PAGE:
MHA | Notification of Uncertain Tax Treatment – new HMRC Guidance

Notification of Uncertain Tax Treatment – new HMRC Guidance

Jonathan Dowding · January 26th 2023 · read

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Do you know about this new tax requirement for large businesses?

Following two public consultations in 2020 and 2021, the UK Government introduced a requirement for certain large businesses to notify HMRC when they take an uncertain tax position in a relevant return that is due to be filed on or after 1 April 2022. This requirement applies with respect to Corporation Tax, VAT, and Income Tax.

The Uncertain Tax Treatment (“UTT”) reporting requirement is aimed at reducing lost tax where a tax filing position taken by a business is different from HMRC’s known position on the matter. This is referred to as an ‘interpretation difference’ and requires the business to provide additional disclosure where it is taking a filing position, which applies an interpretation perceived as being different to an established HMRC position.

Which businesses are affected?  

A UK business (which can include both companies and partnerships) should only fall within the UTT regime as a qualifying company or partnership if it meets either or both thresholds below, by reference to its previous financial year results. When considering a company’s size, its financial results should be aggregated with those of any other UK companies in the same corporate group as well as the UK attributable turnover and balance sheet totals of any non-UK resident group companies. 

  • Relevant UK turnover in excess of £200m; and / or,
  • Relevant UK gross balance sheet total of more than £2bn.

A UK business which does not meet the above thresholds should not be treated as a qualifying company or partnership.

What constitutes a notifiable Uncertain Tax Treatment?

Where a qualifying company or partnership submits a corporation tax return, partnership return, PAYE return, or VAT return to HMRC which contains an ‘uncertain’ amount which gives rise to a tax advantage that exceeds a £5m de minimis threshold, it may be required to notify HMRC, where either or both of the following criteria are met:

  • Tax provision criterion – where a provision is recognised in the accounts of a qualifying company or partnership, which reflects the probability that a different tax treatment will be applied to the transaction which has given rise to the amount.  There must be a link between the provision and at least one entry (including an entry of nil) on a relevant tax return; and/or
  • HMRC’s known position criterion – where it is known at the time of filing the relevant tax return, that the tax treatment applied in arriving at the amount relies (wholly or partly) on an interpretation or application of the law which contradicts HMRC’s known position.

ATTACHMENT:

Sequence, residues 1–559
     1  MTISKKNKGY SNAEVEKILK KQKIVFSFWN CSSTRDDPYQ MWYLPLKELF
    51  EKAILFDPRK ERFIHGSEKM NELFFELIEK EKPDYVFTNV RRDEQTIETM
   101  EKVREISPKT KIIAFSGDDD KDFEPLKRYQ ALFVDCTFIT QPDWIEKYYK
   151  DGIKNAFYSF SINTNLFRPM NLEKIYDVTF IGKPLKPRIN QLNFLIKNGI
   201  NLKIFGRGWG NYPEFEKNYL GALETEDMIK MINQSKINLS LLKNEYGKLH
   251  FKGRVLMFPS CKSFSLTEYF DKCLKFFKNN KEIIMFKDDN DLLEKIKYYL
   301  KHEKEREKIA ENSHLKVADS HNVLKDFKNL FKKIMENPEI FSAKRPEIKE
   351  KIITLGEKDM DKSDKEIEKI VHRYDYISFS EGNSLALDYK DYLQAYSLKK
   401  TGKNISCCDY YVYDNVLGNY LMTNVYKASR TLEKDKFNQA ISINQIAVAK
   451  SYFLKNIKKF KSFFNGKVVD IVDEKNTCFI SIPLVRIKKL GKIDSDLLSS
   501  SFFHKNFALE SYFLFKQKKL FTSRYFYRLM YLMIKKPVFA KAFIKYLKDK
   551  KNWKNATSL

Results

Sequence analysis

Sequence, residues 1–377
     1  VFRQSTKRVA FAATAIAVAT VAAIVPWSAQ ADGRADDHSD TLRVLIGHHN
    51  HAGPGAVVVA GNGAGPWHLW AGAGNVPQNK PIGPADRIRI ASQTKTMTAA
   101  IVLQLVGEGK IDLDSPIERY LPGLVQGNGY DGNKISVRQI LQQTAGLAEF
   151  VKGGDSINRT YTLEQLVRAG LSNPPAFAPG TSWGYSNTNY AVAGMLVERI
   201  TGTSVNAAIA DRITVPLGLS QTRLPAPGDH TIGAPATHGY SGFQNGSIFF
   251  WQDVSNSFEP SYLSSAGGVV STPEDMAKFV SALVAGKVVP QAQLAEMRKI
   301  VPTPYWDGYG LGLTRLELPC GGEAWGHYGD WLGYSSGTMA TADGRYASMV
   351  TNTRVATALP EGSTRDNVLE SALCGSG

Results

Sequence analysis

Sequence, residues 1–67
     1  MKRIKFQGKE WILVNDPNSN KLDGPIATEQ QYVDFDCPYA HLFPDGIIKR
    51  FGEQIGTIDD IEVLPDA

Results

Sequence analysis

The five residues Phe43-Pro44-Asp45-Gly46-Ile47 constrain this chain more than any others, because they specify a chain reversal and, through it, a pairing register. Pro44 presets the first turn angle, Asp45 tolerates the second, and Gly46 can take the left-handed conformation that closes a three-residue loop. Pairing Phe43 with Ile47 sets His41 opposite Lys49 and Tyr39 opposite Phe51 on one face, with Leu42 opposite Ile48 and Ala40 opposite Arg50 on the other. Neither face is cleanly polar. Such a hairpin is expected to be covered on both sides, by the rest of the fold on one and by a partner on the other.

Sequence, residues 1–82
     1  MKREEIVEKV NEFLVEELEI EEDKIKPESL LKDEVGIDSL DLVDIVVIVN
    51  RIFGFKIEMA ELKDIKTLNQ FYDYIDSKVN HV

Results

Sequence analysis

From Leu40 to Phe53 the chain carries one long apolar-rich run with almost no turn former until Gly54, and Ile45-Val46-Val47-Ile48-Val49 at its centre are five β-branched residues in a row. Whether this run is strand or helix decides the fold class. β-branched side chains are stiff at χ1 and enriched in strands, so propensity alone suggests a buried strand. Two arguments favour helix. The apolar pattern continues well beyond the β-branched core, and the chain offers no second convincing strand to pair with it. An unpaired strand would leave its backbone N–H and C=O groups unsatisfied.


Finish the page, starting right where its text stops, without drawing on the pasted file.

The following exemptions on the requirement to notify HMRC may also potentially be available to a qualifying company or partnership:

  • General exemption - where it is reasonable for the qualifying company or partnership to conclude that HMRC already have all, or substantially all, the information relating to an amount, that would have been included in the notification if it had been required to be given.
  • Certain group transactions – A specific exemption from the requirement to notify an uncertain amount of corporation tax may apply where the amount relates to a transaction between the company and another member of the same corporate group and where the net effect of the transaction is that the tax advantages that would be obtained by the group does not exceed the £5m de minimis threshold.

Notification deadlines and penalties

The deadline for a qualifying company or partnership to notify HMRC of an uncertain amount will typically be the same as the filing deadline for the relevant tax return containing the uncertain amount.

The following penalties may apply where a company or partnership is required to make a notification, but fails to do so:

  • £5,000 fixed penalty for a first failure to make a notification by the relevant deadline.
  • £25,000 fixed penalty for a second failure (i.e., a failure to make a notification within three years of the company or partnership receiving a first failure penalty in respect of the same relevant tax).
  • £50,000 fixed penalty for a third or further failure (i.e., a failure to make a notification within three years of the company or partnership receiving at least two fixed penalties in respect of the same tax).

How MHA can help you

These rules will further increase the tax compliance burden for large businesses, even where no notifications are required in a given financial year.  Furthermore, given the significant tax thresholds involved, a failure to notify could lead to significant reputational damage.

The UTT regime applies to tax returns which were due to be filed on or after 1 April 2022, and as such there may a requirement to report transactions that are being carried out now. 

Our experts have a wealth of experience in dealing with complex tax issues, as well as dealing with HMRC, and can advise on transactions as well as assess whether a report(s) should be made.

Get in touch

For more information, please get in touch here, or email our corporate tax team who will be happy to assist:

Chris Danes, Tax Partner: [email protected]

Jonathan Dowding, Senior Tax Manager: [email protected]

Alex Lubbock, Assistant Manager: [email protected]

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